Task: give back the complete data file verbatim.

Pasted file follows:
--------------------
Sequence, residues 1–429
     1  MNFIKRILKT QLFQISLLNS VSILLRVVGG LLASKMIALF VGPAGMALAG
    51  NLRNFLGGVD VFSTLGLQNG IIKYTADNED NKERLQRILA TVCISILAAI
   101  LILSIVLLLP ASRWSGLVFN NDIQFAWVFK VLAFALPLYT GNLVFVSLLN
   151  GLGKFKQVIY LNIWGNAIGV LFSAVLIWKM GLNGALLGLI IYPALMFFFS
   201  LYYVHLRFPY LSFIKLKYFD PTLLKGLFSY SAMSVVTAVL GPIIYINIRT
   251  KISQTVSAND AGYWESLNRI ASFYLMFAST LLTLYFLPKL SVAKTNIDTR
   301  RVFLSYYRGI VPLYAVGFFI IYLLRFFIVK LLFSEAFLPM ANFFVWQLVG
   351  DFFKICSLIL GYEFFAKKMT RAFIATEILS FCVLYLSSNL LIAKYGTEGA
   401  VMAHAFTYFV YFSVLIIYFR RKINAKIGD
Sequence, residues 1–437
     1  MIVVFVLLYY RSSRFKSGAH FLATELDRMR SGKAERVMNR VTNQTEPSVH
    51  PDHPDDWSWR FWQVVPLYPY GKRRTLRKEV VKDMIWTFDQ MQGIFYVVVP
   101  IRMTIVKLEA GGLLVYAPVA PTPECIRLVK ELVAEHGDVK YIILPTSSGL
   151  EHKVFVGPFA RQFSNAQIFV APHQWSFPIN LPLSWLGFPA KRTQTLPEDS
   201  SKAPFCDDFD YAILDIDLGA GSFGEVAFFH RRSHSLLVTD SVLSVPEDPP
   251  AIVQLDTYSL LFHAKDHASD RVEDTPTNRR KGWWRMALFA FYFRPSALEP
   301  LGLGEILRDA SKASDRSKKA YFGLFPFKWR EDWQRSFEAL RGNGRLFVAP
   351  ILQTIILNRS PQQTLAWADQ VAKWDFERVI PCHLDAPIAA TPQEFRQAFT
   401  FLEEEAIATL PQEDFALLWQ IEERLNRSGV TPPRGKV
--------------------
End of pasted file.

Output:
Sequence, residues 1–429
     1  MNFIKRILKT QLFQISLLNS VSILLRVVGG LLASKMIALF VGPAGMALAG
    51  NLRNFLGGVD VFSTLGLQNG IIKYTADNED NKERLQRILA TVCISILAAI
   101  LILSIVLLLP ASRWSGLVFN NDIQFAWVFK VLAFALPLYT GNLVFVSLLN
   151  GLGKFKQVIY LNIWGNAIGV LFSAVLIWKM GLNGALLGLI IYPALMFFFS
   201  LYYVHLRFPY LSFIKLKYFD PTLLKGLFSY SAMSVVTAVL GPIIYINIRT
   251  KISQTVSAND AGYWESLNRI ASFYLMFAST LLTLYFLPKL SVAKTNIDTR
   301  RVFLSYYRGI VPLYAVGFFI IYLLRFFIVK LLFSEAFLPM ANFFVWQLVG
   351  DFFKICSLIL GYEFFAKKMT RAFIATEILS FCVLYLSSNL LIAKYGTEGA
   401  VMAHAFTYFV YFSVLIIYFR RKINAKIGD
Sequence, residues 1–437
     1  MIVVFVLLYY RSSRFKSGAH FLATELDRMR SGKAERVMNR VTNQTEPSVH
    51  PDHPDDWSWR FWQVVPLYPY GKRRTLRKEV VKDMIWTFDQ MQGIFYVVVP
   101  IRMTIVKLEA GGLLVYAPVA PTPECIRLVK ELVAEHGDVK YIILPTSSGL
   151  EHKVFVGPFA RQFSNAQIFV APHQWSFPIN LPLSWLGFPA KRTQTLPEDS
   201  SKAPFCDDFD YAILDIDLGA GSFGEVAFFH RRSHSLLVTD SVLSVPEDPP
   251  AIVQLDTYSL LFHAKDHASD RVEDTPTNRR KGWWRMALFA FYFRPSALEP
   301  LGLGEILRDA SKASDRSKKA YFGLFPFKWR EDWQRSFEAL RGNGRLFVAP
   351  ILQTIILNRS PQQTLAWADQ VAKWDFERVI PCHLDAPIAA TPQEFRQAFT
   401  FLEEEAIATL PQEDFALLWQ IEERLNRSGV TPPRGKV